Introduction

The following tables act as a key to understanding how the guidelines and models contained in this resource can relate to existing teaching practices and to the overall principles as outlined in the University's eLearning Vision (PDF, 154kb).

Relating eLearning to face-to-face learning

The following table aims to demystify eLearning by relating it to underlying learning and teaching aims and to traditional face-to-face strategies. 

Underlying learning and teaching aimTypical face-to-face mode strategy

Typical online mode strategy

Where to go for more information
Deliver teacher presented contentLecture

Synchronous delivery of didactic content

Pre-recorded 'lecture' presentations

Asynchronous delivery, (time and place dependent) students can choose when to access presentation. Using the 'flipped classroom' model to move passive lecture content online freeing up face-to-face time for more active engagement with students.

 

 

Blended delivery

 

Provide course materialCourse workbookOnline resources, readings, and links.How to add files

How to add links
Teacher - student interactionTutorialTeacher-led, topic based discussion forum.

Synchronous communication using virtual classrooms.

Online facilitation: supporting active student engagement 

How to add discussion forums in Moodle 

 

 

Virtual classrooms

Student - student interaction / Peer LearningTutorial

Interactions in teacher - led discussion forums and more open student-centred discussion forums.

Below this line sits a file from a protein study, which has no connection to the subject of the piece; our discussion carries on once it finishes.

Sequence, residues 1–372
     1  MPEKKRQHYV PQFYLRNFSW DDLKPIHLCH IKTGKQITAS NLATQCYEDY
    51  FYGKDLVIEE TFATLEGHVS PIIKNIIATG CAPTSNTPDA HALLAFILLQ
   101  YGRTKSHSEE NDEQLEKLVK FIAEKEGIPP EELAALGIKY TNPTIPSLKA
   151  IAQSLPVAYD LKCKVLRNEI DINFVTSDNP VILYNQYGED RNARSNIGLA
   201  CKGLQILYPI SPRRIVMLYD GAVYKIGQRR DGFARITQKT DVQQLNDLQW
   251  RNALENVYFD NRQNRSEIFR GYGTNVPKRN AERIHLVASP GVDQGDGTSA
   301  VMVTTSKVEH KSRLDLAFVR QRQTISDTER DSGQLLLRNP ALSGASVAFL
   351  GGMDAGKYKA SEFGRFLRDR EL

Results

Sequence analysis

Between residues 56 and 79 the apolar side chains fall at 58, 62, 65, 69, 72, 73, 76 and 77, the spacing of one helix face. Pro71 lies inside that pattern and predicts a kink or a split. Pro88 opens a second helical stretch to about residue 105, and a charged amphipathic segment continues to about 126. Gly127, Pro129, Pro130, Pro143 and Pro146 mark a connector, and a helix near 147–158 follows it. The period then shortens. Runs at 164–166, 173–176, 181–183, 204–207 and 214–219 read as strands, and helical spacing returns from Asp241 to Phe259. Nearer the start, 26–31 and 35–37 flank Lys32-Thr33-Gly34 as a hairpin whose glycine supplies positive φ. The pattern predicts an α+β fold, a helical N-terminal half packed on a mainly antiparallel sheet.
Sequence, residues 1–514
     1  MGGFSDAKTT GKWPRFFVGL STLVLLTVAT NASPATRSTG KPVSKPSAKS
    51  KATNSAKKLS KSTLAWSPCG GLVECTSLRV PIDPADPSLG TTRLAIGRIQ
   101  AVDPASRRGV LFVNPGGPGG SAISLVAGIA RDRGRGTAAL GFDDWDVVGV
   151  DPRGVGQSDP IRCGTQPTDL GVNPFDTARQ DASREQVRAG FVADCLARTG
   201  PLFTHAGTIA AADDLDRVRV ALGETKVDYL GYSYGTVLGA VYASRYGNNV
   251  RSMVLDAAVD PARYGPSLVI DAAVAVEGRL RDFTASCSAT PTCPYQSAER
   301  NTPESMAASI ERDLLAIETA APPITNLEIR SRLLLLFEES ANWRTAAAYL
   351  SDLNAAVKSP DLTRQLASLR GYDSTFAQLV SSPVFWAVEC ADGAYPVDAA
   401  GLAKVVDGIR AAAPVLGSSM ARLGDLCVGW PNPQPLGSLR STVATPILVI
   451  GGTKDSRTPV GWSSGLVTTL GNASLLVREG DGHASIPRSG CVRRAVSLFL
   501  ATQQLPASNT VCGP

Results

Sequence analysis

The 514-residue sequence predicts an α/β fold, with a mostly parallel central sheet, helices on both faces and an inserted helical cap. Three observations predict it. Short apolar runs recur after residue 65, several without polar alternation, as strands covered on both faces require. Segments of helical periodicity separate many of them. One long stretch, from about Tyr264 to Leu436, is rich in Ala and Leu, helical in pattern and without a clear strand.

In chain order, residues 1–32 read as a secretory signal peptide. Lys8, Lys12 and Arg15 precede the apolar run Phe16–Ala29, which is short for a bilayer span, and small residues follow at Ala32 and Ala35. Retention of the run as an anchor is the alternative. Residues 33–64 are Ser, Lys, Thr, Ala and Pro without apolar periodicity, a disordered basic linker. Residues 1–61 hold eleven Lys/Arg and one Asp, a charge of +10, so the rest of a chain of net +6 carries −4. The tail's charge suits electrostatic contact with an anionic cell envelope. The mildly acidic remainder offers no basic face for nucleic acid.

Synchronous communication using virtual classrooms.

As above
Group work and collaboration Group work in classOpen forums to encourage collaboration.

Online group work activities, wikis and group forums in Moodle.
The forum tool in Moodle
Early formative feedback/ assessment given to studentsFeedback given in tutorials via results for in-class quizzesFeedback given online via automated feedback, self-marking or teacher-marking.Embedding formative feedback into your online course quizzes
Scaffolding of learningBuilding on existing knowledge in pacing the introduction of topics, providing extra support in tutorials to reinforce concepts before moving on.Appropriate learning design strategies used in laying-out and structuring content in online course. 

Embedding points of consolidation and testing of concepts at the conclusion of a topic, for example, discussion forums and quizzes to test understanding before moving on.
Moodle course design and setup guidelines

Embedding formative feedback into your online course using quizzes.

Relating eLearning models and approaches to the principles outlined in the eLearning vision

The University has developed an overarching eLearning vision to help guide strategy and adoption of eLearning. The following table relates the principles of the eLearning vision to some of the practical models and guidelines contained in this online resource. View the eLearning vision (PDF,157KB)

 

PrincipleHow this could relate to eLearning practiceWhere to go for more information
1. A learner-centred approach

  • Options of learning modes.
  • Refocus thinking from teacher to student, from content to experience of content.
Online content and activities being time and place independent (asynchronous) allowing more flexibility for students.

Blended delivery

 

Wholly online delivery

2. Interactive learning